meraki /me-RAH-kee/. adjective. A Greek word used to describe doing or making something with great passion, soul, ardor, and creativity. The absorptions and intense enthusiasm when focused on a particular, creative activity. Often (wrongly) called an “untranslatable.” In modern Greek script: μεράκι. From Turkish merak (curiosity, whim, passion). See also: kefi and Mihaly Csikszentmihalyi’s flow.
“Every kind of work has this meraki, this…it has a beauty, a…creativity, how can I describe this to you? It’s…even the cook, when he makes a good meal…I, when I cook, I know that…the pot’s on the fire and I can’t read, I keep getting up all the time, tak!, to go and see, you know, how it’s doing.” (Andreas Nenedakis, as cited in Portrait of a Greek Imagination).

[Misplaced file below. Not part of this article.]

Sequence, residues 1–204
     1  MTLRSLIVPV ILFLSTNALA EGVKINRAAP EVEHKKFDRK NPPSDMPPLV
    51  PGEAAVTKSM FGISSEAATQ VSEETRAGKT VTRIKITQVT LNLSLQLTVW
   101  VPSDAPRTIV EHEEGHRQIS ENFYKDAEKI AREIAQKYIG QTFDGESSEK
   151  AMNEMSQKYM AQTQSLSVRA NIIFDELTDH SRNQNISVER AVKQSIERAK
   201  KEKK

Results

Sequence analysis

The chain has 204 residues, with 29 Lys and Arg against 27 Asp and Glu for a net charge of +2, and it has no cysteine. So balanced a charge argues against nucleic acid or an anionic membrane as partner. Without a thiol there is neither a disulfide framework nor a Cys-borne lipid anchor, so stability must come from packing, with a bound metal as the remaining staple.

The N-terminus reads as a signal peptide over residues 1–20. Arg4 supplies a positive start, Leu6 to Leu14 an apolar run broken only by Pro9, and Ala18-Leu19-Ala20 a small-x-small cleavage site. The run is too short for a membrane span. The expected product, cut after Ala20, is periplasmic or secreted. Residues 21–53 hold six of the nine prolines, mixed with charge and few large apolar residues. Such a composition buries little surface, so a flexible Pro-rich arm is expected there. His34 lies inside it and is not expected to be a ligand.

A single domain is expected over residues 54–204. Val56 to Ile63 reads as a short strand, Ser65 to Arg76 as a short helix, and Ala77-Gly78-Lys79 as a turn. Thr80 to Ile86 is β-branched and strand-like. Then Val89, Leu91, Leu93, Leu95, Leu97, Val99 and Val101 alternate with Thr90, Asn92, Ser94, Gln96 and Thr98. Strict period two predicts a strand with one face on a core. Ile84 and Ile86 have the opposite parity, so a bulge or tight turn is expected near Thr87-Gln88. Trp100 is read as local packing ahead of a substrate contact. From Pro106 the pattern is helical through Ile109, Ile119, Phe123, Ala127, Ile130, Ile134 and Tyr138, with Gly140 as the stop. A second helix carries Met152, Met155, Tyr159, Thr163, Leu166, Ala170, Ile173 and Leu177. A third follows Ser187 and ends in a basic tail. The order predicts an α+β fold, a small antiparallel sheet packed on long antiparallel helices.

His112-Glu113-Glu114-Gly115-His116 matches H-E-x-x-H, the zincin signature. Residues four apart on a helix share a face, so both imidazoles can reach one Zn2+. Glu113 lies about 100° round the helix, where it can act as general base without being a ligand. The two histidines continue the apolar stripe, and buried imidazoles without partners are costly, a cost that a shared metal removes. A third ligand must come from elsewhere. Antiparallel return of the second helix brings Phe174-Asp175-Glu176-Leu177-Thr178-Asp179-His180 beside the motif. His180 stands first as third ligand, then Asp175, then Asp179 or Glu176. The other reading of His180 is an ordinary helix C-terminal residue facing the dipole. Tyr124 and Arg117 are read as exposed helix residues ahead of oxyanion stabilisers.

“The long-term appearance of boredom and disengagement may be reproduced in a fully socialized artisan as the nonchalant skill of one who does not need to think about what he is doing in order to do it successfully. It is not that he is indifferent; on the contrary, his nonchalance is the product of his Meraki, his love for the craft, which is such that he neither cares about the jibes of others nor feels diminished by his own missteps…” (Michael Herzfeld, from The Body Impolitic)